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Marquette Wire

The student news site of Marquette University

Marquette Wire

The student news site of Marquette University

Marquette Wire

HUGHES: Success is subjective, don’t put yourself on a pedestal
For some Marquette students, “success” looks like a career in Milwaukee post graduation. Photo by Nolan Bollier / [email protected]

Drawing again from my small town roots, looking not so far back as to be reminded of pigtails and overalls but far enough to the days of purple hair and combat boots, I’m struck with a sense of deep embarrassment.

Embarrassment because at 14, and up until my escape from small town monotony at 18, I hated the place. Without providing my life’s complete unabridged history, I want to make the point that as I get further from the metal music muddled mind of my former self, my perspectives on so many things have changed.

Among these is my understanding of success.

One of the reasons I loathed Wautoma, Wisconsin, is that I saw it as quicksand. If you didn’t navigate out of it with just the right amount of caution, you would be trapped there for eternity.

Both my mother and my father went to Wautoma High School, a fact I could never escape thanks to the persistent inquisitions about their respective lives from their former teachers who still walked the halls of the same high school where I took my own turn in attending.

Wautoma embodied every concept of failure I had ever considered. Moving back home to live with your parents, getting married and having kids too young, accepting a hand-me-down job from a family friend, never seeing the big world outside of the 920 area code, et cetera.

Of course this was all before. Before I finally did leave, before I started to see in color and not just black and white. What I have come to find in recent years is that the concept of success is subjective.

For us college students, Marquette is the first step in accomplishing our goals and becoming “successful.” But just because college is the first step to my own idea of success, that doesn’t mean it’s the first step for everybody else.

We look down on people who don’t measure up to our standard of success without acknowledging that success isn’t something that can be measured in the first place.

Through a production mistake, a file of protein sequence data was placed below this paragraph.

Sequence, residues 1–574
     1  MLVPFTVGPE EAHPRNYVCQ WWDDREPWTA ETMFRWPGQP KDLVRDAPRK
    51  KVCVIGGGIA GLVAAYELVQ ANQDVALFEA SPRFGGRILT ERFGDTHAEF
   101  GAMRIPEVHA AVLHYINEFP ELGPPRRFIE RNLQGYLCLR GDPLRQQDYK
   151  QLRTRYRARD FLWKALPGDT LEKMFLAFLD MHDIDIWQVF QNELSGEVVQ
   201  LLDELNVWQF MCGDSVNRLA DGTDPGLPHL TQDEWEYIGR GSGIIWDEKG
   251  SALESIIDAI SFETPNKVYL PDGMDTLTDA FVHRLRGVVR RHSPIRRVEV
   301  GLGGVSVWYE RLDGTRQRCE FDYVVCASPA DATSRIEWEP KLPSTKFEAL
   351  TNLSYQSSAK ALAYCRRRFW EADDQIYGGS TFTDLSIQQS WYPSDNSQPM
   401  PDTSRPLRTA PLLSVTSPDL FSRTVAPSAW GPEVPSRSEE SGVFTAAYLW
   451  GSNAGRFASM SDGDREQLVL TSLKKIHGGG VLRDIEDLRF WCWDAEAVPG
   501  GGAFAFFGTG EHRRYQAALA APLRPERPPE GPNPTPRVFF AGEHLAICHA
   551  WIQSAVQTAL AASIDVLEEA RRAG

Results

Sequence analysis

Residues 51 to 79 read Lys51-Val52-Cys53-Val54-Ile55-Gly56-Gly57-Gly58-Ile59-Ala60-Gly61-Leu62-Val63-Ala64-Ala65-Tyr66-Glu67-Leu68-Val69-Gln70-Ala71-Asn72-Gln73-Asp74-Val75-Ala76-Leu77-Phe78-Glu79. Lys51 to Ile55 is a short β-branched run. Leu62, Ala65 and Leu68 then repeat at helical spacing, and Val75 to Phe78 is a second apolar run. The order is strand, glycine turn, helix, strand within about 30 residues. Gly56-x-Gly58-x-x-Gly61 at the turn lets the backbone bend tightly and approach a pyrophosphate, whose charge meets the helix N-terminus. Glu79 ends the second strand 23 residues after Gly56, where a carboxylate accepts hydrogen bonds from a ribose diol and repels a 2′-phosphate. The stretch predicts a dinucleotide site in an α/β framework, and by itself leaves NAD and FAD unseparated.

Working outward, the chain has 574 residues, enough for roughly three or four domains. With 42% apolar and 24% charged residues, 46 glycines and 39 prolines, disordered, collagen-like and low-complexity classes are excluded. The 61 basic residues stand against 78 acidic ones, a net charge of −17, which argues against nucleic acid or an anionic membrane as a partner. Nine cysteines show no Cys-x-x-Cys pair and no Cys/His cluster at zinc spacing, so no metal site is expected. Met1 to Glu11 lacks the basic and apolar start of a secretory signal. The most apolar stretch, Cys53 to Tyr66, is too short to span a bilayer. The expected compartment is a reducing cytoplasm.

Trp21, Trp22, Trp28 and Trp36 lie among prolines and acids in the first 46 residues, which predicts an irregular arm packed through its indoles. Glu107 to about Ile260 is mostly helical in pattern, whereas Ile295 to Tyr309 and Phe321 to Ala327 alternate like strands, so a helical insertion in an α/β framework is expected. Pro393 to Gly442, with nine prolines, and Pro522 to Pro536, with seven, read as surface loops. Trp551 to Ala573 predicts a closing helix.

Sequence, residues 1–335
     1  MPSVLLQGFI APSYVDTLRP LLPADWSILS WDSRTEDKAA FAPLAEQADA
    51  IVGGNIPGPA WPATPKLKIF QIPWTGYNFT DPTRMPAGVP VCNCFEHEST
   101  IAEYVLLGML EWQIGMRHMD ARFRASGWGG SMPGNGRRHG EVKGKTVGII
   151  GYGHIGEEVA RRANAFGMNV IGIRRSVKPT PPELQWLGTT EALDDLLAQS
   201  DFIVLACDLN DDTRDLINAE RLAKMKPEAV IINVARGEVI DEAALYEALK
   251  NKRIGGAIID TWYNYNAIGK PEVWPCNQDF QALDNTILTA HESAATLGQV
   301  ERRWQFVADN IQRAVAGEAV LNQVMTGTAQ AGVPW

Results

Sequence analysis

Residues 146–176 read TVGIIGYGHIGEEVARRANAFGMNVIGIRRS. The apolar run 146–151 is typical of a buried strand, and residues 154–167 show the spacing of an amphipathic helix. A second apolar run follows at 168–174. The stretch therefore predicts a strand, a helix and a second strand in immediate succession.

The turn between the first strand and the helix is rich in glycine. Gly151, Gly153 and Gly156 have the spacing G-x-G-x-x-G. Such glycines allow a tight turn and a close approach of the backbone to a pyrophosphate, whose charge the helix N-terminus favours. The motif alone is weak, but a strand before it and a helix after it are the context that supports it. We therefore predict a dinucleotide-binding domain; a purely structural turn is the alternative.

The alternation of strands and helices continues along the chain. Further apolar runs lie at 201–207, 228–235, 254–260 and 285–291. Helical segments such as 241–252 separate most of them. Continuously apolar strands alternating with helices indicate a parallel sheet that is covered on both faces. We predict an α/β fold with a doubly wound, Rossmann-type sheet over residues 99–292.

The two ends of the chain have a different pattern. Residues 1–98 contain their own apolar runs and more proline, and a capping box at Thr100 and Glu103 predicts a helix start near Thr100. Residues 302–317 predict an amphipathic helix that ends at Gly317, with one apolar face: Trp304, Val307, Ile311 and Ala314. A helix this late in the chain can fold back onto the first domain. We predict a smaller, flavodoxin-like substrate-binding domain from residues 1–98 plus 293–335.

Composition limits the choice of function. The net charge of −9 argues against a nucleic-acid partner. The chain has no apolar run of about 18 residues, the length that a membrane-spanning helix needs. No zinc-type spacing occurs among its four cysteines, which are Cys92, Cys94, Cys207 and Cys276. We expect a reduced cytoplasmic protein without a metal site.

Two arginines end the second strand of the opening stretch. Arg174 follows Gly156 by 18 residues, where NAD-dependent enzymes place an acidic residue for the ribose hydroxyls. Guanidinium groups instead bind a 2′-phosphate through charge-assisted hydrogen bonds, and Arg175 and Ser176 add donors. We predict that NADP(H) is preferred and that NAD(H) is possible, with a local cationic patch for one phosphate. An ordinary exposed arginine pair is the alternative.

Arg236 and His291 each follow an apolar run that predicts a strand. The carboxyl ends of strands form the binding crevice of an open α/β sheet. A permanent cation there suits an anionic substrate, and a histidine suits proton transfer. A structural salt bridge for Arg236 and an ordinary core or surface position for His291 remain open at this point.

Over spring break, I heard the news that two different sets of people, both a year younger than I, had gotten engaged. Initially I was disappointed. All four of the now-engaged 19-year-olds are excellent people who I enjoyed knowing, and I couldn’t help but think they were stunting their potential by making such a big choice so early in life.

But who am I to say what is a good decision or a bad decision or when those decisions should be made? I can’t tell anyone what is right or wrong. Isn’t that why the saying, to each their own, exists?

I know several girls from my high school who were mothers before they were graduates. I am aware that teen pregnancy occurs outside of my hometown’s zip code, so I know a lot of people can relate to feeling pity or disapproval toward the 16-year-old with a baby bump.

I’m not condoning high school pregnancies, but all of those girls who I knew are happy to be mothers. They love their children, and they love the life they have created for themselves, despite it not being part of their master plan.

I can’t tell you what success looks like, but I know it feels like joy, or maybe pride. How else can I explain success without sounding like an off-brand Socrates?

Albert Einstein suggested that rather than try to be successful we should try to find value in our lives, but really, I think that’s all success is: finding value in your day-to-day existences, whatever that looks like for you.

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